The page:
Many organizations will be heading into 2023 with some amount of trepidation. Rising interest rates and inflation coupled with a cost of living crisis in many countries have increased the risk of global recession as growth slows sharply and consumers rein in spending. Geopolitical uncertainty only adds to boardroom jitters. Against this gloomy economic backdrop, few may think of cybersecurity as a potential source of growth, but if managed and deployed correctly, it could actually help to drive competitive advantage over the coming year.
Despite often being seen as a block on innovation and growth, security can actually achieve the reverse – reducing the cost of compliance and breaches, and helping to attract new customers. Many tech companies already look to differentiate based on their security and privacy posture, but the truth is that any company could do the same.
Why trust matters
One of the biggest sources of competitive advantage is customer trust. In an age of 24/7 business operations and digital everything, it can be hard won but easily lost. According to PR multinational Edelman, which produces an annual Trust Barometer report, trust is the “ultimate currency” – a foundation enabling firms to take responsible risks and recover quickly, even if they make mistakes.
PwC finds an even stronger link between trust and business success. Its report on consumer intelligence reveals that 91% of consumers are likely to buy from a company that does something to gain their trust. Even better, 88% would actively recommend that firm to others, 83% would defend them, and 60% would be more likely to share information about that company on social media.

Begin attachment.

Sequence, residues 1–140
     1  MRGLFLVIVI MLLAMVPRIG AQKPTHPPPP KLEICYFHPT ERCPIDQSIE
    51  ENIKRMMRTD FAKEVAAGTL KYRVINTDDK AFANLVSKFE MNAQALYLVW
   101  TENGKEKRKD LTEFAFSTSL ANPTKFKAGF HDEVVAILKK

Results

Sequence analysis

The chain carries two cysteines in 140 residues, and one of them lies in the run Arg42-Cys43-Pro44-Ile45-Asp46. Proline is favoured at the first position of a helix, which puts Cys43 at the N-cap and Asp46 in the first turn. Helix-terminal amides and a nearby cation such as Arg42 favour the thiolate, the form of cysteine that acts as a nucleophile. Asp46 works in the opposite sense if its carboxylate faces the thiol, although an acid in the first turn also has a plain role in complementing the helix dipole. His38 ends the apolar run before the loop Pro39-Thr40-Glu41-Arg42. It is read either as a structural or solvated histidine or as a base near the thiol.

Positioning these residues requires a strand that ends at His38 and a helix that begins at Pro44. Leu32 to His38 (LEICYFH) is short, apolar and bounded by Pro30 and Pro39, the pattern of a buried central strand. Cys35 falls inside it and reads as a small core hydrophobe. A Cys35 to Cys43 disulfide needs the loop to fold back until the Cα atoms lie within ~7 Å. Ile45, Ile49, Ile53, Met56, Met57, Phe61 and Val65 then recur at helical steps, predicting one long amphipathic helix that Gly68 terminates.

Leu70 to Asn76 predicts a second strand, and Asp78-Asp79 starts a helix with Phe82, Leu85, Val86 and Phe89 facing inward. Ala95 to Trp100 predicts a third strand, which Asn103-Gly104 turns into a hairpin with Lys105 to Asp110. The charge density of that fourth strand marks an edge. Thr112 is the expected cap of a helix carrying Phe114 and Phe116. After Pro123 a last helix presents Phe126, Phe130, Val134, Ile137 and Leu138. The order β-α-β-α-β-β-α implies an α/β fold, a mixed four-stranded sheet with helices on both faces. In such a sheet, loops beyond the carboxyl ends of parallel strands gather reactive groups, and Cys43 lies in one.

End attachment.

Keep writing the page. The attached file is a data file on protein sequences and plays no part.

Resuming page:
From trust comes competitive advantage. So how can security get organizations there?
How security can be a differentiator
Put simply, if all companies were doing cybersecurity well, it would be a difficult thing to differentiate on. But they’re not. The truth is that most organizations are not, objectively speaking, “secure”. They also:
- Don’t really ‘get’ security or how to do it effectively
- Don’t understand their risk profile and what kind of threats and malicious actors they’re exposed to
- Invest too little in security
By therefore taking even moderate steps to improve their security posture in 2023, organizations can do much to stand out from the crowd.
The data-centric security difference
There are various ways to enhance corporate security. But not all will achieve optimal results. For example, focusing on perimeter defense may stop some threats, but it won’t help if threat actors steal or brute force employee credentials, enabling them to waltz past intrusion prevention controls. Similarly, endpoint detection and response (EDR) tools, while an improvement on what has gone before, can be sidestepped by hackers with the right know how.
This is why it makes sense to begin any security refresh with the most important asset an organization holds: its data. By applying strong protection directly to that data, wherever it resides, organizations – as well as their customers, partners and regulators – can be assured that even if it falls into the wrong hands, it will be rendered unusable.
This kind of data-centric security, which automatically and continuously discovers and classifies enterprise data, and then applies encryption or tokenization to it – offers several ways to differentiate:
- It can build trust with customers, which leads to more sales and stronger loyalty
- It helps to mitigate the financial and reputational risks associated with major data breaches. A typical breach now costs nearly $4.4m on average, but data-centric security could shave over $250,000 off this cost, according to IBM
- It helps to preserve digital transformation initiatives by ensuring projects aren’t derailed by breaches, and lengthy and costly investigations
- It can drive innovation: for example, format-preserving encryption enables firms to use cloud-based analytics tools to extract business insight without compromising on security
- It will help to bolster business continuity
- It can accelerate compliance efforts whilst also reducing their cost. Strong encryption helps to place data out of scope when it comes to PCI DSS, for example